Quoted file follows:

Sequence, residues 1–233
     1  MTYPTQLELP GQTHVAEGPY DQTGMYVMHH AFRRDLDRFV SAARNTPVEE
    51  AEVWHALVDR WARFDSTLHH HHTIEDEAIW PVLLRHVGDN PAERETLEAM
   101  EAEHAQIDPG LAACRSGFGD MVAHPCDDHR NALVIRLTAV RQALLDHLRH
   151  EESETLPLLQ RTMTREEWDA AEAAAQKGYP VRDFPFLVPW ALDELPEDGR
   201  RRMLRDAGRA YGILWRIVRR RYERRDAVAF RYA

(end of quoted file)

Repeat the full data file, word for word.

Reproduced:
Sequence, residues 1–233
     1  MTYPTQLELP GQTHVAEGPY DQTGMYVMHH AFRRDLDRFV SAARNTPVEE
    51  AEVWHALVDR WARFDSTLHH HHTIEDEAIW PVLLRHVGDN PAERETLEAM
   101  EAEHAQIDPG LAACRSGFGD MVAHPCDDHR NALVIRLTAV RQALLDHLRH
   151  EESETLPLLQ RTMTREEWDA AEAAAQKGYP VRDFPFLVPW ALDELPEDGR
   201  RRMLRDAGRA YGILWRIVRR RYERRDAVAF RYA